Most see it as a pit stop off a quiet country road that leads to somewhere, something better.
Of course, they don’t all think of it that way at first, but it happens soon enough. Teachers with good intentions, or those who have lost their way, come to Southeast Halifax High School, park their lives amid the tobacco fields and pine groves for a year or two, then resume their journeys along that long, winding stretch of asphalt. They can’t stay, they say with a shake of their heads, but thanks anyway.
It’s enough to make Viola Vaughan-Holland’s head and heart ache. Last school year, 42 percent of the principal’s teachers quit. She had 21 vacancies to fill this past fall.
“I lost all of my science teachers and all but two of my special education teachers,” Vaughan-Holland says, cloaking her face in gold-rimmed sunglasses.
Not to mention a majority of the English department.
She’s not sure why they quit-she’s often notified by the central office of the departures after educators are gone-but she can guess. The pay is less competitive than in other places, she says, and the work just as demanding, if not more so.
Housing is limited, as much of the land is locked up with crops. Consequently, those who work at the school commute up to an hour each way. Many teachers hope to further their own educations, but because of the rural nature of the county, they find themselves again behind the wheel driving miles and miles to a college of education.
Vaughan-Holland makes do, though, hiring uncertified educators to staff her classrooms, asking substitutes to take full-time positions, and paying extensive headhunting fees to import teachers from outside North Carolina.
State data reveal that half the high school’s teachers were not fully licensed during the 2001-02 school year, meaning they had earned bachelor’s degrees but generally had not taken all the education courses required to be fully credentialed. Some had no academic backgrounds at all in the subjects they taught.
Forty percent had less than three years’ experience in the field.
Vaughan-Holland says her staff is well-meaning and works hard, but, she adds, many teachers have yet to master the academic content or instructional strategies needed to be most effective in the classroom.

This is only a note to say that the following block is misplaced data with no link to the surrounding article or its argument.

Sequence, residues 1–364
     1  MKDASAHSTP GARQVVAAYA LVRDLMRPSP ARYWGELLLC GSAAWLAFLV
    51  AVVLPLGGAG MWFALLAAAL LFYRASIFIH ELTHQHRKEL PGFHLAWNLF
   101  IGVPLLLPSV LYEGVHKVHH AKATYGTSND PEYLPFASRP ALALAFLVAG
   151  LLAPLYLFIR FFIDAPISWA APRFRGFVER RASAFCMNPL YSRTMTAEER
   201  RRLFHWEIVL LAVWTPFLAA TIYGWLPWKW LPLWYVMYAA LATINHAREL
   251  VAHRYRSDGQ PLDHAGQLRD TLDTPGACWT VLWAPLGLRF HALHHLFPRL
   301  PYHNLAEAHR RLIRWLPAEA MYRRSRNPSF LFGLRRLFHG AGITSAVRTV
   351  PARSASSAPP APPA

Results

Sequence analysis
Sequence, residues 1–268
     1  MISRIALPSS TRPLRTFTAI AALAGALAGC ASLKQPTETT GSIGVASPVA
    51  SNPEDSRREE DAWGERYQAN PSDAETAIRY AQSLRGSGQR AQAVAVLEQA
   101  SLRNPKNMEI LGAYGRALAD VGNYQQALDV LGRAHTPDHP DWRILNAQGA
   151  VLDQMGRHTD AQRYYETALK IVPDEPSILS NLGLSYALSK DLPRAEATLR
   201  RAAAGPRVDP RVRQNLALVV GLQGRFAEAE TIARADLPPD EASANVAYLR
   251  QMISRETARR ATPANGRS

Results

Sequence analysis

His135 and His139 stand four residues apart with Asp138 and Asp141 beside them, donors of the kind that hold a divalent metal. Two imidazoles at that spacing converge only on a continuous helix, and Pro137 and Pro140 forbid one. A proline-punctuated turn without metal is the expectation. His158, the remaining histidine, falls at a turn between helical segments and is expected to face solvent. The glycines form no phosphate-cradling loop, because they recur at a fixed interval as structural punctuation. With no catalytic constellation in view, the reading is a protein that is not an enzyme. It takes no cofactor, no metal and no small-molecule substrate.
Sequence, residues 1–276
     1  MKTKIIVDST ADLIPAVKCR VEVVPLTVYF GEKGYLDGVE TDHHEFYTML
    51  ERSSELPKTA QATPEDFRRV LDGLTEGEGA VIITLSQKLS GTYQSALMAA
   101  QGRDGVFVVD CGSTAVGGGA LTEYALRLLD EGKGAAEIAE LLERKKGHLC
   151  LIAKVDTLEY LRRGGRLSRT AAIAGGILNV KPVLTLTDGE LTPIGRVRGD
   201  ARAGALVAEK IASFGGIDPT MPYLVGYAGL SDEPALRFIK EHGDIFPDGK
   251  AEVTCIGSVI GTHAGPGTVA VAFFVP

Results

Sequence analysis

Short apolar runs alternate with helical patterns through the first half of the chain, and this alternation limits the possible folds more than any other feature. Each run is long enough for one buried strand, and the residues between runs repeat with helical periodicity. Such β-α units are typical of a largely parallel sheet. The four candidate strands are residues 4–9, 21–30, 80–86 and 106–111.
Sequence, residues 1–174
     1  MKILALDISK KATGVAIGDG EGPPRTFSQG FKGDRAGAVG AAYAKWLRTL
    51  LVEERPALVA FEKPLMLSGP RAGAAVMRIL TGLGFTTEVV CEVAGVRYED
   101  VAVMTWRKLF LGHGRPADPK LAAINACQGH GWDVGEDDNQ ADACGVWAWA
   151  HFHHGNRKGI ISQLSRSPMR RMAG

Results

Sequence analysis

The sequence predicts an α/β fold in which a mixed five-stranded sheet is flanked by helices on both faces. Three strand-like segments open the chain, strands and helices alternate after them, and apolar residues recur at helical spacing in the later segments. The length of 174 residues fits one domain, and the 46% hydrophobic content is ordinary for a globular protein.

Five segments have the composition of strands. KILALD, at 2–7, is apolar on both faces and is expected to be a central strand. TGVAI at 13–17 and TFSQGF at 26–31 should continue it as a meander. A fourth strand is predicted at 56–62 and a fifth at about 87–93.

Halifax County schools Superintendent Willie Gilchrist sighs: “We have some real problems we need to address.”
The woes of Vaughan-Holland and Gilchrist are a staple of conversation among school administrators throughout rural America.
The issues at Southeast Halifax High “typify districts that are high-poverty, low-income, and low-performing,” says Doris Terry Williams, the director of the capacity-building program for the Rural School and Community Trust. The Washington-based nonprofit group studies hard-to-staff rural schools.
Such districts, Williams says, ultimately “have to hire teachers who can’t go someplace else, or those who really, really want to be there.”
“It is a perpetual cycle,” she adds. “Districts can’t get or keep teachers, so student performance is really low. Teachers inclined to go there are then actually discouraged from applying because of the districts’ reputations.
Halifax, the home of Southeast Halifax High School, is one of several tiny burgs located in the county of the same name, North Carolina’s third-largest geographically. The sandy earth stretches for miles, punctuated by lush forests, prickly cotton plants, and clusters of prefabricated houses. Farm tractors amble down the two-lane country roads followed by logging trucks piled high and headed for processing.
Men and women who take teaching jobs in schools in many rural communities pick up and leave once they find opportunities elsewhere.
Poverty defines the northeastern region of the state. The unemployment rate now hangs around 12 percent, following the recent closing of a textile plant, Superintendent Gilchrist says. That was more than twice the national rate as of last fall.
Nearly 70 percent of the 724 students who attended Southeast during the 1999-2000 school year were poor enough to receive subsidized lunches from the federal government, the state reports. About 99 percent of the school population is African-American, and most students come from single-parent families.